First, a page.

The Cape Lookout Light Station has developed a rich and colorful history ever since the Federal Government first authorized funding in 1804. A year later, a four-acre parcel was deeded to the government in order to begin construction of the much-needed Light. The land was located at the south end of beautiful Core Banks.
The first tower was interesting, to say the least.
It actually consisted of "a tower within a tower." The inner tower was constructed of brick and was round in design. The outer tower was constructed of wood consisting of local white pine and oak. The tower was 96' tall and was fitted with a Fresnal 1st-Order lens.
In 1857 Congress authorized a new, more modern and much taller light. This tower would be 156 tall and would be conical in design, made entirely of brick. Because of its coastal location the taller tower would better serve the increased shipping demands of the area.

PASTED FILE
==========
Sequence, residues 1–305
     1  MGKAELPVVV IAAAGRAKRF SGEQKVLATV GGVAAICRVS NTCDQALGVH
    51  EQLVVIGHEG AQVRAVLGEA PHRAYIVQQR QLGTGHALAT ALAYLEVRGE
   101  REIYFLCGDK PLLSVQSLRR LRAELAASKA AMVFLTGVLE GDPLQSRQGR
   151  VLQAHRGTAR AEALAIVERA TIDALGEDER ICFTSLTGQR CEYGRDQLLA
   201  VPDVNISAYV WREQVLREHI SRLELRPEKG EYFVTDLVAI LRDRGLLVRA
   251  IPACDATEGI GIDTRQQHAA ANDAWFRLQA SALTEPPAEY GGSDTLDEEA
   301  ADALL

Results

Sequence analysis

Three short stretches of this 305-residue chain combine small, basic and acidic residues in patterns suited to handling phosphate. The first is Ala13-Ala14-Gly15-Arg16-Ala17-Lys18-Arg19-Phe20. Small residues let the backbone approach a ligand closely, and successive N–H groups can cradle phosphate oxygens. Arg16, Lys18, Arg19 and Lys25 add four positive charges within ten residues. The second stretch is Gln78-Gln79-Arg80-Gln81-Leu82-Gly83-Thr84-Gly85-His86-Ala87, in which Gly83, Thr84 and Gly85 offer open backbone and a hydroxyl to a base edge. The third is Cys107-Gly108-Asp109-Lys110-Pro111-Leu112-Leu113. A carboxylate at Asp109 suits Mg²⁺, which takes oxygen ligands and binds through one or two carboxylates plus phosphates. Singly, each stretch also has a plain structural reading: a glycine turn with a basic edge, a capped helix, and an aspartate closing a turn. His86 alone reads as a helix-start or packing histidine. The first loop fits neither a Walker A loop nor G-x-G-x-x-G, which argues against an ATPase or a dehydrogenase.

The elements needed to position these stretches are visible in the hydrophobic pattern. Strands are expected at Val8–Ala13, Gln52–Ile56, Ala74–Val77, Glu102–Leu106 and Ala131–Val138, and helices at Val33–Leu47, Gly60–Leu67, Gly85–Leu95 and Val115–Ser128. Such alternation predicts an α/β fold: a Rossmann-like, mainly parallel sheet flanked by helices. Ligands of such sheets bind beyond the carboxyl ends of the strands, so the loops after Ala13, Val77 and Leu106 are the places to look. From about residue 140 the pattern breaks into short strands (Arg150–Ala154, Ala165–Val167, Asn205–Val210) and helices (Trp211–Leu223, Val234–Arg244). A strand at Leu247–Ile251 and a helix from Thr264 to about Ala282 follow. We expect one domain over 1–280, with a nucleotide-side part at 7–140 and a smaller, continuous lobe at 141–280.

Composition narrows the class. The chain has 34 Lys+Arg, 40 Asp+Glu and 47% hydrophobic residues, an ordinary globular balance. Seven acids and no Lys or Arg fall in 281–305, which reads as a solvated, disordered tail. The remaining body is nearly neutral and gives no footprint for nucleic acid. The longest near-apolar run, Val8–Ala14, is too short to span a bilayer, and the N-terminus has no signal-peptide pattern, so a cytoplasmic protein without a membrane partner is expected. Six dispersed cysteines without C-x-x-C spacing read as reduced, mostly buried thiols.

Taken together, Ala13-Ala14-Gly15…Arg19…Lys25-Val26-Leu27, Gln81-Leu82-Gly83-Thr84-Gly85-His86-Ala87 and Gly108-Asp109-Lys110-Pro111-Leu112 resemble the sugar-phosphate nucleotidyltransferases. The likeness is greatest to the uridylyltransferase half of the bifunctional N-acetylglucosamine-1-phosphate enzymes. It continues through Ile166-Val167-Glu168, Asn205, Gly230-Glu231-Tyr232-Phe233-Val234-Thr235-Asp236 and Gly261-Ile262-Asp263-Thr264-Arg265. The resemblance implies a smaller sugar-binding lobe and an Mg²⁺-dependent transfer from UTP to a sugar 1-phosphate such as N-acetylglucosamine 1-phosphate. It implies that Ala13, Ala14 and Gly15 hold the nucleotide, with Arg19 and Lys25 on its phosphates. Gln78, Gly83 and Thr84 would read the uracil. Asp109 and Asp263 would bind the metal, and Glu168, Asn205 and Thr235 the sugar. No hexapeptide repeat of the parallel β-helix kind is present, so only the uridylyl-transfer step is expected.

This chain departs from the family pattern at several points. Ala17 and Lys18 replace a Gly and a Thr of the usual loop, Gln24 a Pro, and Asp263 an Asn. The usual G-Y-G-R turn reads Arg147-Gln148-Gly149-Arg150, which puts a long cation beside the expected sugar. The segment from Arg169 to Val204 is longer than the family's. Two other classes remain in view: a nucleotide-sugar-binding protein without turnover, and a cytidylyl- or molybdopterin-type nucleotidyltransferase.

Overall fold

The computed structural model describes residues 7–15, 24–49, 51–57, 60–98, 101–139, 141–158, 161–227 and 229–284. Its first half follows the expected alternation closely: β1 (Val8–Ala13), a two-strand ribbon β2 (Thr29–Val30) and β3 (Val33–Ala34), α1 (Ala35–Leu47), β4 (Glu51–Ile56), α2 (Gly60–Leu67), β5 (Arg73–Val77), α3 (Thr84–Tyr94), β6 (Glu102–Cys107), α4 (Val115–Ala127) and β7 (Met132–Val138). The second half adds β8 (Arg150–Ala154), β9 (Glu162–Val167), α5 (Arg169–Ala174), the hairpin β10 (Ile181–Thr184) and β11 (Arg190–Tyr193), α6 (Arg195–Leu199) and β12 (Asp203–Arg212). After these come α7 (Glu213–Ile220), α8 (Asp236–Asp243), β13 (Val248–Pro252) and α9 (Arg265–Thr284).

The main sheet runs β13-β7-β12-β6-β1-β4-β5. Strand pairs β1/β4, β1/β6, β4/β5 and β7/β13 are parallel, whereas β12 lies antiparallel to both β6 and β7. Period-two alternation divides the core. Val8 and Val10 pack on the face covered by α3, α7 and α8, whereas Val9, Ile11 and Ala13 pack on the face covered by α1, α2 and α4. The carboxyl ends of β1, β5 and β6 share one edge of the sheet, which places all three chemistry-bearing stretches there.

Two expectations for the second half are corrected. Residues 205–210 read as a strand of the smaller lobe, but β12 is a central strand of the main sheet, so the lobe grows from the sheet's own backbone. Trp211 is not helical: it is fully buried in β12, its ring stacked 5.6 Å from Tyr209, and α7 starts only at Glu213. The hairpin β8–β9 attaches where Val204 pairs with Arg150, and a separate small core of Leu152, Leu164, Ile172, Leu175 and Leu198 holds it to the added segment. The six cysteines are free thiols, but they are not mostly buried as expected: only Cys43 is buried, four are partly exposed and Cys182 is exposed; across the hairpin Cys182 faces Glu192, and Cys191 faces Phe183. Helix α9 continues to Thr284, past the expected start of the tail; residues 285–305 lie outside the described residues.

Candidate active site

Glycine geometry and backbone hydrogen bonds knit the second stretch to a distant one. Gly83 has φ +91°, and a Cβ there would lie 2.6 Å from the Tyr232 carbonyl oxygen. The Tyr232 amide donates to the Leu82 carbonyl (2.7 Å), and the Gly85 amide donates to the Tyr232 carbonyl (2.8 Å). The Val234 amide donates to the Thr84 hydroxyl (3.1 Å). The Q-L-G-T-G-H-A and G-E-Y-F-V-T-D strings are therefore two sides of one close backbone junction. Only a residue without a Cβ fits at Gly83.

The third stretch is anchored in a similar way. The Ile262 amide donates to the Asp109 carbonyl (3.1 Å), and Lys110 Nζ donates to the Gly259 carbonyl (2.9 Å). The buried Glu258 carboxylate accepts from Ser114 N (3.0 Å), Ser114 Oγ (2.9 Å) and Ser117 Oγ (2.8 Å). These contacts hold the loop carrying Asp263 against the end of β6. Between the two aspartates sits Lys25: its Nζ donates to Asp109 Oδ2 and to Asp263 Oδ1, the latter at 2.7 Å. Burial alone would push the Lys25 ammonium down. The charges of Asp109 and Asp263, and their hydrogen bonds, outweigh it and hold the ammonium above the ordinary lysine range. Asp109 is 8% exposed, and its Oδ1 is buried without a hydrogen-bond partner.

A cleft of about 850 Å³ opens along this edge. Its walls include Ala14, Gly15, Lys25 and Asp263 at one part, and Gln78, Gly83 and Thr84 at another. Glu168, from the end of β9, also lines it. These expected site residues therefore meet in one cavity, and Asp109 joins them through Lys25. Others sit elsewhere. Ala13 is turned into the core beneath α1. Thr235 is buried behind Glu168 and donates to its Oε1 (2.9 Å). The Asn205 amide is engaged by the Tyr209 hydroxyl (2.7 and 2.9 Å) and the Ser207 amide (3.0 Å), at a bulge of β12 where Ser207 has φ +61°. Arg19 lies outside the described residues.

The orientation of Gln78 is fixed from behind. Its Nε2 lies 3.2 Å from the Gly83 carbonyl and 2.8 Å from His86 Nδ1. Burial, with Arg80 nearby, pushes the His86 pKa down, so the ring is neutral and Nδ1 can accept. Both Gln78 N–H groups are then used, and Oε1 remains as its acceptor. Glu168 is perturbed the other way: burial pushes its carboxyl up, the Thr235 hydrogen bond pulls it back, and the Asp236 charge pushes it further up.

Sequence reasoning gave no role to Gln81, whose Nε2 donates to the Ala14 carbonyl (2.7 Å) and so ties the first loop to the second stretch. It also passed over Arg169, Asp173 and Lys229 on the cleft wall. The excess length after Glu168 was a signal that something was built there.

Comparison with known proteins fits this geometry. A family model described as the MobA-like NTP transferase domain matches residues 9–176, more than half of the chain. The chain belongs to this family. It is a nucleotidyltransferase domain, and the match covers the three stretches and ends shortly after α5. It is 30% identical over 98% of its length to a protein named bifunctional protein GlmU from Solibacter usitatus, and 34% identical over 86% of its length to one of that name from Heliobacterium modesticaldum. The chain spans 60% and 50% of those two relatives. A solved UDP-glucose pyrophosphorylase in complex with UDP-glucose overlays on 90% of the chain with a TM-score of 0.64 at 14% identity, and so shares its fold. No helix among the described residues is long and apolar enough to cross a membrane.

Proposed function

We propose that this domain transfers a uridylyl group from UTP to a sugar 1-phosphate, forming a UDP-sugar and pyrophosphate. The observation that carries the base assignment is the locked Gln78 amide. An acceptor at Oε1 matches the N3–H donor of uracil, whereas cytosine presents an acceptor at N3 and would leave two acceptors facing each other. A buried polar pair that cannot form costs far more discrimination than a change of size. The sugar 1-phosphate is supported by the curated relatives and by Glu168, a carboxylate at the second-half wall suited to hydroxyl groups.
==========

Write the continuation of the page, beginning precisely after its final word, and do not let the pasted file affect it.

On November 1, 1859, the new Cape Lookout went into service for the first time. The 1st-Order Lens was transferred from the old tower to the new.
After being heavily vandalized and damaged by Confederate soldiers in 1861 it wasn't until 1863 that the Lighthouse Board relighted the tower, only this time with a 3rd Order Lens (Later on the original 1st Order Lens would be repaired and placed back into the tower.)
It wasn't until 10 years later (1873) that the tower received its internationally famous black and white diamond (or "checkers" as they were known) paint scheme in order to give it its distinctive daymark pattern.
In 1950 the United States Coast Guard automated the light, which is still an active aid to navigation, today.
The Keeper's Quarters have been restored and presently serve as a small museum and gift shop.
On June 14, 2003, the Cape Lookout Lighthouse was transferred from the United States Coast Guard to the National Park Service as part of Cape Lookout National Seashore. The light remains a working aid to navigation, warning ships of the location of Cape Lookout Shoals.
Dates & Hours of operation:
The Harker's Island Visitor's Center is open year around from 8:30 A.M. until 4:30 PM
For information on becoming a volunteer you can go to http://www.nps.gov/calo/vol.htm